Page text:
Early Village Societies research group seminar series
Posted on: 1 December 2017 by Doug Baird in 2017 posts
The first seminar of the Early Village Societies research group for this academic year recently took place, where two of our PhD students presented on the first stages of their research.
It has been 6 years since most archaeological fieldwork in Syria has come to a pause. Nonetheless, research continues on the vast amounts of data gained from this archaeologically rich part of the world. Two University of Liverpool PhD students, Patrick Biedermann and Jo-Hannah Plug, are currently working on important, and until recently largely uninvestigated datasets from two extensively excavated sites in northern Syria. Their research is not only similar in this regard, but also in that they both aim to gain insights into the ideological worlds of people at very crucial moments in time. Whereas Patrick Biedermann’s research focuses on the development of religious structures at Third Millennium BC Tell Chuera, Jo-Hannah Plug focuses on change and continuity within the mortuary record of late 7th, early 6th millennium BC Tell Sabi Abyad.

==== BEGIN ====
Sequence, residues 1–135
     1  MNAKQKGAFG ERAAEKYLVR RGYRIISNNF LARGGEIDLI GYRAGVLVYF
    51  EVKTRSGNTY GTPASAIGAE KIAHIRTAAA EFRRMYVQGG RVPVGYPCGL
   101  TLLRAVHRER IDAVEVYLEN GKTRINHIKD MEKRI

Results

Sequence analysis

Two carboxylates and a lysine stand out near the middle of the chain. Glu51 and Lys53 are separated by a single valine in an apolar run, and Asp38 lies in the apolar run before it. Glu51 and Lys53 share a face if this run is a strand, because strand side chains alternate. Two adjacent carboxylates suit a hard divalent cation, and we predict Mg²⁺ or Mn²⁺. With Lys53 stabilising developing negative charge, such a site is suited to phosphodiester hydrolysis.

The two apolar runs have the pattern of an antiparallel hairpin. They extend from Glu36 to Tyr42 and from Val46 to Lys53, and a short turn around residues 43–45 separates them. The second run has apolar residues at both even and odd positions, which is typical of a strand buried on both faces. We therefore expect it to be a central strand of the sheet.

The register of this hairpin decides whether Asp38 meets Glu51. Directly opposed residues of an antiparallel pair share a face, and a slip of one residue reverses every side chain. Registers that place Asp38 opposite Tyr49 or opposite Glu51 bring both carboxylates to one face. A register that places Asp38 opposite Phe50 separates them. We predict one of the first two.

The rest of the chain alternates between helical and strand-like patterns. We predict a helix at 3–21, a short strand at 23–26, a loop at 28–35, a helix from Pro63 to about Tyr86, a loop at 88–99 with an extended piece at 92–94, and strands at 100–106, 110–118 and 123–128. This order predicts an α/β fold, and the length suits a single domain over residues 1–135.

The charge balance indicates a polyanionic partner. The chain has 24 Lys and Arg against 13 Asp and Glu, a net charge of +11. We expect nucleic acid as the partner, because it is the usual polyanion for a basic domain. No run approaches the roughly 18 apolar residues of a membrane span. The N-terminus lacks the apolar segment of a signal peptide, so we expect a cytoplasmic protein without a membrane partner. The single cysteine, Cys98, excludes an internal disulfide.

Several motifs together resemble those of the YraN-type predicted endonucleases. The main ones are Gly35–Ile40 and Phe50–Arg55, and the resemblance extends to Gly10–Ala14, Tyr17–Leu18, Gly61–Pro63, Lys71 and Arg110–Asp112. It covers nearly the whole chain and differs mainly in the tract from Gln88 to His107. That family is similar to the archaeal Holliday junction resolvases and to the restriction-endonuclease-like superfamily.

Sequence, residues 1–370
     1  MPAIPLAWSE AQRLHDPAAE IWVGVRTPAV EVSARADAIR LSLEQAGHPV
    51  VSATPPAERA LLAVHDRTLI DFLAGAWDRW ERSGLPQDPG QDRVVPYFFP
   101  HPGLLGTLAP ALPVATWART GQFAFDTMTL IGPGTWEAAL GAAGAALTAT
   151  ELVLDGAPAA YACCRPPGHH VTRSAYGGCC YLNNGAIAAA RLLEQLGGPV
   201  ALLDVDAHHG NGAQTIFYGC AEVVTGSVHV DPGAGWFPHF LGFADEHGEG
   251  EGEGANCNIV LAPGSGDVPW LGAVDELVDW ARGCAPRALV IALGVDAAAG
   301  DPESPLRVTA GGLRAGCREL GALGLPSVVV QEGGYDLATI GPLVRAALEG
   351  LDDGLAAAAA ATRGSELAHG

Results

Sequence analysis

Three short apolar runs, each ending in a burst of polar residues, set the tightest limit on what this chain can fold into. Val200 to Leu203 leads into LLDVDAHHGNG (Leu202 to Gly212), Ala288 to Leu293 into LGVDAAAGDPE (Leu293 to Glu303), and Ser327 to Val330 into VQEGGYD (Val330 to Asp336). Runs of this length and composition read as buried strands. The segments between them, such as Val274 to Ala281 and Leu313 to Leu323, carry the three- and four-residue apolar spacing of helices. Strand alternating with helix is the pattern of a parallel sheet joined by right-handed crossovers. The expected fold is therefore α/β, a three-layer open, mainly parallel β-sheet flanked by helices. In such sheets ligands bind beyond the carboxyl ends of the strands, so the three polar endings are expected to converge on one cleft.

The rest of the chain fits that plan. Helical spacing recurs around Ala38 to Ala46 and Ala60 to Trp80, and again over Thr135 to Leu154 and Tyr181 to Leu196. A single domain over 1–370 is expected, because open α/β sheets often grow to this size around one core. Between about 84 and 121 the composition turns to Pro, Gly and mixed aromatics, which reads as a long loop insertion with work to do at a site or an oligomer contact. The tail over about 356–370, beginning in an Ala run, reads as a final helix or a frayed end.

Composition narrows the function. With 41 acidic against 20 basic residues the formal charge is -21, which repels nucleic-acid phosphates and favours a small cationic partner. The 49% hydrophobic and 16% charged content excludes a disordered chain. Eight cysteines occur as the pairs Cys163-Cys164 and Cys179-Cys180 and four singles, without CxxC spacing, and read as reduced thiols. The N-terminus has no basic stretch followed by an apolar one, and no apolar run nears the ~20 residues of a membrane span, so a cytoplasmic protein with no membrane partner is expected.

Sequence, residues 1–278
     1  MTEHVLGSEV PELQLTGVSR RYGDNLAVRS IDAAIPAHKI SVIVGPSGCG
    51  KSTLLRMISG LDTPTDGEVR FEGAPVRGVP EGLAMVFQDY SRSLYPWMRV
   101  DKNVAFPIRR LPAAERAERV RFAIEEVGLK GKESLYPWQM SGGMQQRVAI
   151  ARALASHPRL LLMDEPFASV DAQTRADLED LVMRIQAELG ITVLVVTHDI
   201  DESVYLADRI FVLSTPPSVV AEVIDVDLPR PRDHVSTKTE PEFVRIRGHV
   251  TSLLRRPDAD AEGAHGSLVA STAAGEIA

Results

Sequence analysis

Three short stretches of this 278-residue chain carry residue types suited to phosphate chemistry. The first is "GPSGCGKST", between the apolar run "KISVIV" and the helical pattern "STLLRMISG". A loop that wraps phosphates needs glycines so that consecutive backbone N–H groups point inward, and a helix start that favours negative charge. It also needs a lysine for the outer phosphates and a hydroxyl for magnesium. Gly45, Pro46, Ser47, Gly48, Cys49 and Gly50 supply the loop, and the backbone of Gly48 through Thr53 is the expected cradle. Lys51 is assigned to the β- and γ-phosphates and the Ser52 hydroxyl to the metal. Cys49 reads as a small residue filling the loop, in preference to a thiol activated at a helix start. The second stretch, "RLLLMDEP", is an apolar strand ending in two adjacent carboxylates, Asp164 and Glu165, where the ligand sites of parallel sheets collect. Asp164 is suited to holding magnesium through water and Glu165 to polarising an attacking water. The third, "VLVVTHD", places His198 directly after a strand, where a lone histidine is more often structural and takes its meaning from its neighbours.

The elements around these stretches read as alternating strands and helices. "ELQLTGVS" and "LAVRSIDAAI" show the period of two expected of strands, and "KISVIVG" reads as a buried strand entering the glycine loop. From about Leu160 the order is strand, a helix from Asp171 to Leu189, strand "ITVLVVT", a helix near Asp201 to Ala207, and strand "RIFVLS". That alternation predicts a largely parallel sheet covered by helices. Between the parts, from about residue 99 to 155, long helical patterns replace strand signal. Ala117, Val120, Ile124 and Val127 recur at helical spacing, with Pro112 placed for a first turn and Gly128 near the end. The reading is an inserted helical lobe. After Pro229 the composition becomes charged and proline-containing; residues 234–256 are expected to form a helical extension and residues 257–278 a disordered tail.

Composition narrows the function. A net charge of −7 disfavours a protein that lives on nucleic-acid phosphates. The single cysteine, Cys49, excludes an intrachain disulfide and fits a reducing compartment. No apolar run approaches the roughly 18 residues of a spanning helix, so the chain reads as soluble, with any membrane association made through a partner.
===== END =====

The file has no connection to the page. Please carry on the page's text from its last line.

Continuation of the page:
Hannah Plug: Uncovering a community: the mortuary record of Late Neolithic Tell Sabi Abyad, Syria.
Patrick Biedermann: From Clay- to Stone- Architecture. Urbanism, monumentality and political change based on Area A (Steinbau I) at Tell Chuera, Syria.
In his presentation From Clay- to Stone- Architecture. Urbanism, monumentality and political change based on Area A (Steinbau I) at Tell Chuera, Syria Patrick Biedermann presented the first results of the extensive but unpublished excavations of the temenos area of Tell Chuera – the largest of the so-called Kranzhügel-sites and one of the key sites in 3rd millennium Northern Mesopotamia. Besides a large palatial complex, residential- and production areas, also a large temenos characterises the topography of the site. The research aims to gain more information about the site itself, about the development of religious structures and institutions, and about urbanisation processes during the 3rd Millennium in Northern Mesopotamia.
Jo-Hannah Plug presented her dataset and research questions in Uncovering a community: the mortuary record of Late Neolithic Tell Sabi Abyad, Syria. Tell Sabi Abyad has proven to be a key site within the investigation of the Late Neolithic, giving evidence for major innovations in subsistence, culture and society. Jo-Hannah Plug’s research aims to explore these processes using a promising strand of evidence – the mortuary record. By integrating the data relating to funerary customs, heath, and diet within one interpretative framework, she aims to achieve a better understanding of the impact of wider cultural change on the local community of this prehistoric site.